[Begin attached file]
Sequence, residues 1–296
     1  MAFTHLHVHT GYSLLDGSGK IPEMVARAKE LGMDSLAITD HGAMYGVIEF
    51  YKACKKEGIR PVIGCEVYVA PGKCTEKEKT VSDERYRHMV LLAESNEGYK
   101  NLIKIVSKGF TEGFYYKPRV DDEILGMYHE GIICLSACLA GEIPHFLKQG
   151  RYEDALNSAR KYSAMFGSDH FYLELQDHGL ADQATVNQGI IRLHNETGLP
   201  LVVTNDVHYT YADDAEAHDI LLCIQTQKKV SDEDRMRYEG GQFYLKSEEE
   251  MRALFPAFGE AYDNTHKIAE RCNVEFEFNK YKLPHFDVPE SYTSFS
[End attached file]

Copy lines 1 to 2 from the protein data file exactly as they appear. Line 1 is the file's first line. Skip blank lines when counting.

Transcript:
Sequence, residues 1–296
     1  MAFTHLHVHT GYSLLDGSGK IPEMVARAKE LGMDSLAITD HGAMYGVIEF